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The National Conversation We Need But Haven’t Had Yet
[about violence in society]


There are many things that we need to have a serious national dialogue about but, in the aftermath of yet another mass shooting, none are more pressing than violence.

The questions we are all asking ourselves today are these: what is violence; what provokes violence; why do some people become mass murderers; what is the psychology of the violent person; what can society do to prevent it.

The first thought, of course, is to legislate increased gun control so that we can stop these madmen. And to many this is a logical first step. Yet, if we were to try to control everything that kills people we would no longer have a free society. It would be a society stripped of individual liberties. Our individual liberties must be protected at the same time that we find ways to prevent future such massacres.

Besides, many more deaths are caused by people driving recklessly in automobiles on our public roadways, or as a result of errors of judgment in our hospitals, or by sheer accidents. The top fifteen causes of death in the United States (in this order) are as follows: (1) heart disease, (2) cancer, (3) stroke, (4) chronic lung disease, (5) accidents, (6) Alzheimer’s disease, (7) diabetes, (8) influenza and pneumonia, (9) kidney disease, (10) blood poisoning, (11) suicide, (12) liver disease, (13) hypertension, (14) Parkinson’s disease, and (15) homicide.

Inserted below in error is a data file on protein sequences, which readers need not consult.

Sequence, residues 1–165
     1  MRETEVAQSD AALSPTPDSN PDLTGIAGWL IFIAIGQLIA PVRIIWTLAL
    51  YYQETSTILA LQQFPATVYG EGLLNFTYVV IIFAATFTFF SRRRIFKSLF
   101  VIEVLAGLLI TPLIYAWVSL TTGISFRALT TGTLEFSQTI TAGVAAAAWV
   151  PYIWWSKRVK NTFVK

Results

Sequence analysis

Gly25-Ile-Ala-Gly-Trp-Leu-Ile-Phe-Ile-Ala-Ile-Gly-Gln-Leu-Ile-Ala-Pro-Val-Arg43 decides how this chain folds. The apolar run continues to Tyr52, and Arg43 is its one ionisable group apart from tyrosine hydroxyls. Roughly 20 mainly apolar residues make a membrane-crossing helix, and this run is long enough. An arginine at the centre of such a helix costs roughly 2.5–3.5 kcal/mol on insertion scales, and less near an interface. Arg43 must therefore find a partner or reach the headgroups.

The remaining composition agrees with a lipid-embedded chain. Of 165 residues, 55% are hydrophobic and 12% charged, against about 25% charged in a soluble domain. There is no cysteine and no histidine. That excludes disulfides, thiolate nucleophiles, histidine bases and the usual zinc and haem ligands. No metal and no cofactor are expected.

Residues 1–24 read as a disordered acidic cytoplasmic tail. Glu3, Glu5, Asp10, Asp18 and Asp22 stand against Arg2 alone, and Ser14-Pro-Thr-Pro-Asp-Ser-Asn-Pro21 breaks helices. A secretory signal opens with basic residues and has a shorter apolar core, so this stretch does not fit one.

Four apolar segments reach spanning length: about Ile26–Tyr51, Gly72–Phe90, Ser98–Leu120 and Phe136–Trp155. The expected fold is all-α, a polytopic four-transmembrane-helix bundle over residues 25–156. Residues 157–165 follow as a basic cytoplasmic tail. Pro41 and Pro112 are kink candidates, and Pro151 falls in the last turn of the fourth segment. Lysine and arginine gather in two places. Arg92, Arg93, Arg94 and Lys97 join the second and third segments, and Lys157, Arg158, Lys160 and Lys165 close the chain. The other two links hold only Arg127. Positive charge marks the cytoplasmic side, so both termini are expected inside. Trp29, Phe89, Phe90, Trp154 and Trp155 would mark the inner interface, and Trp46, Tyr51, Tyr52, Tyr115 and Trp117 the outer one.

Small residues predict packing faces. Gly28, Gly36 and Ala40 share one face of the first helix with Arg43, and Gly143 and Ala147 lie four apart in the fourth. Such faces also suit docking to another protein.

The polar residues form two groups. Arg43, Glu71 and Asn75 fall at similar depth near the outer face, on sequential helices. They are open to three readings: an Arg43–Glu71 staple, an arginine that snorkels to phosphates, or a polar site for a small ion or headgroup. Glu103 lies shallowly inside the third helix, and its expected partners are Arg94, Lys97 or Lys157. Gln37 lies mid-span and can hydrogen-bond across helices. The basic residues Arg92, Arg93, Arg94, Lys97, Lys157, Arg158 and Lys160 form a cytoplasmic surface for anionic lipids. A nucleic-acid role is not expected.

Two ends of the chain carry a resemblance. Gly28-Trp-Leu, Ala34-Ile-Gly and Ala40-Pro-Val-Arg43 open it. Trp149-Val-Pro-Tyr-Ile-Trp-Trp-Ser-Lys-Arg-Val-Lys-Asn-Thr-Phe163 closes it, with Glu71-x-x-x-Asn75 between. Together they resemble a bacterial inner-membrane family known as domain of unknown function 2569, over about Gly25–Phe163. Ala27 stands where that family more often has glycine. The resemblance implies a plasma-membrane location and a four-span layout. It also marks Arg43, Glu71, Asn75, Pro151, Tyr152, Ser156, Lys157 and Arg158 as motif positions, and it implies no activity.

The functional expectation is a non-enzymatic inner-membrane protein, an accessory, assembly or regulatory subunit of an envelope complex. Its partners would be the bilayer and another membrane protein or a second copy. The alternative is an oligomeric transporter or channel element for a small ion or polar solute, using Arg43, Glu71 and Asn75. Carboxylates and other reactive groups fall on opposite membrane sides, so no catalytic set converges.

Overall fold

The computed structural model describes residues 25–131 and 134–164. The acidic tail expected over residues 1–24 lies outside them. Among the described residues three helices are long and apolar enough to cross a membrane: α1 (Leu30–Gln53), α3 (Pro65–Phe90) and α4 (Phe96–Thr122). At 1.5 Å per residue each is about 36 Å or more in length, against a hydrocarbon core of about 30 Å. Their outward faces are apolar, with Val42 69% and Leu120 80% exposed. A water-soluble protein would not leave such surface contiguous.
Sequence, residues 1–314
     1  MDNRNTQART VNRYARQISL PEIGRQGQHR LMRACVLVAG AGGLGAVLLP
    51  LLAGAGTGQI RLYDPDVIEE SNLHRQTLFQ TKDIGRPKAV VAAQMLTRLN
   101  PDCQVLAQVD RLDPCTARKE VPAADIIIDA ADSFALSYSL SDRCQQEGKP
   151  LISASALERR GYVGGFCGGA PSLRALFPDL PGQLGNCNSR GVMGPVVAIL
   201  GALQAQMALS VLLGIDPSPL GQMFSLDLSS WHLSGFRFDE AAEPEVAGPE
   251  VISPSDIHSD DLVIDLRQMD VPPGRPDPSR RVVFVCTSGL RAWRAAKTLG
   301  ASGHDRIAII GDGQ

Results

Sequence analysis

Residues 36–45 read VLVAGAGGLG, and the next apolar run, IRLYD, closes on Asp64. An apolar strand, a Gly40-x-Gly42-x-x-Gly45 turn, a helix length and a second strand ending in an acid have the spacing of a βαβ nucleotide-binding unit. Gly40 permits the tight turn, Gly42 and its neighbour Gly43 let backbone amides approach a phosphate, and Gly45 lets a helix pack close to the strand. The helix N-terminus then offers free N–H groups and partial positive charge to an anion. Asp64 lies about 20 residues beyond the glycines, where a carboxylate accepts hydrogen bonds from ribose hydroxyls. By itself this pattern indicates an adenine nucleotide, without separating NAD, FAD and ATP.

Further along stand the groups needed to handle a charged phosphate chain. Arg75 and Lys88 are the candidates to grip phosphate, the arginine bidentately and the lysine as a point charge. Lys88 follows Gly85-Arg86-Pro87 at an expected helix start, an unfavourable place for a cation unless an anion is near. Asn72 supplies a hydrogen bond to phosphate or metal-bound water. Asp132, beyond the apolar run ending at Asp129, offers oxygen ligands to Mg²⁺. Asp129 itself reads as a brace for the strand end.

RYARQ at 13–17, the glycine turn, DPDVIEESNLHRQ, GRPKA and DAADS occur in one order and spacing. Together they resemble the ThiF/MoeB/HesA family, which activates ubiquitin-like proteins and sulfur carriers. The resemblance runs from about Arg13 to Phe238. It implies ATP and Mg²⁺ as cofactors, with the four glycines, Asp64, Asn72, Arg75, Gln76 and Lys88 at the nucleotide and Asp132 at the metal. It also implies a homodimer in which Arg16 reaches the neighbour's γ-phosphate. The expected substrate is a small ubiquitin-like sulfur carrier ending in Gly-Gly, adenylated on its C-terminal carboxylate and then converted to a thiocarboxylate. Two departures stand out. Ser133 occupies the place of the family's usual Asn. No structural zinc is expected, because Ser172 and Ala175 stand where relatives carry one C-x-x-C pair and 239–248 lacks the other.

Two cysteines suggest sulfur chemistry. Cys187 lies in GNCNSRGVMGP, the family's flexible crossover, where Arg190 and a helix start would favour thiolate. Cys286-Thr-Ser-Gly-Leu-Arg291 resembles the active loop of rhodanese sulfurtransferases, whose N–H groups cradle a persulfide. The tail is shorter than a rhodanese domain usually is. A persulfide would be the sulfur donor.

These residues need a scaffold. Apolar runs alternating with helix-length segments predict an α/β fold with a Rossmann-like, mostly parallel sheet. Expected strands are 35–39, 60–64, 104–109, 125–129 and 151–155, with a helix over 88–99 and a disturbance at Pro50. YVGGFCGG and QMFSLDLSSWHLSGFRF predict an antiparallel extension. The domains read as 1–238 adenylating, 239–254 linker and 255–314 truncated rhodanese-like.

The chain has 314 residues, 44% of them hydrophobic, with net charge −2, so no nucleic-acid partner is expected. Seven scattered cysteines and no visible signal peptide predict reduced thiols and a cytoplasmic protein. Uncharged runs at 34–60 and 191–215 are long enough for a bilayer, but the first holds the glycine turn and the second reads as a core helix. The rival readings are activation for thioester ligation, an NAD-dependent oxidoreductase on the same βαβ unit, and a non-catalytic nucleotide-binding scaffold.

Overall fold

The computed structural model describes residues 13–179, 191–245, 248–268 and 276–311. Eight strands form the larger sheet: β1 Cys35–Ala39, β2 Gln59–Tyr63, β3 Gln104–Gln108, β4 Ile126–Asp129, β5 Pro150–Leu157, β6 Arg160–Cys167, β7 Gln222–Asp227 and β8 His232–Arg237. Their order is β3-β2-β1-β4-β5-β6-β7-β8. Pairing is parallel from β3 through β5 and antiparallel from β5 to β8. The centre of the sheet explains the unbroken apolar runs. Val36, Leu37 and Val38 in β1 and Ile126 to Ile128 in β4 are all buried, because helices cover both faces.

Note that homicide is last on the list.

The effects of biological aging are by far the leading cause of death. What’s more, there are many preventable causes of death that are directly related to how people live their lives. These include hypertension, tobacco smoking, drug-induced death, firearm injuries, malnutrition, sexually transmitted diseases, poor diet, obesity, physical inactivity, alcohol consumption, indoor air pollution, unsafe water, poor sanitation. The list goes on...

Annual causes of death in the United States are available here. Do you know? Homicide rates are actually declining in the U.S.


Still, it is not a particularly safe world we live in and every day could be our last for any number of reasons, self-induced or not. We face inevitable threats whenever we leave the safety of our homes.

The question is, how do we cope with such knowledge?



Let me begin with this observation: there are no ‘random acts of kindness’ and there are no ‘random acts of violence.’ In both cases the randomness is purely in the eyes of the beholder.

The person that performs [an act of kindness] does so with deliberation. They do it because they want to and, typically, the person is not looking for public acclaim or recognition. Their behavior is driven by a strong desire to express benevolence and good will towards others. They select the recipients of their kindnesses based on conclusions they have drawn beforehand about those who may be especially needy at the time.

The person that performs [an act of violence] also does so with deliberation. They do it because they want to and, typically, the person is not looking for public acclaim or recognition. Their behavior is driven by a desire to harm others. They select their unwitting targets based on conclusions they have drawn beforehand about them.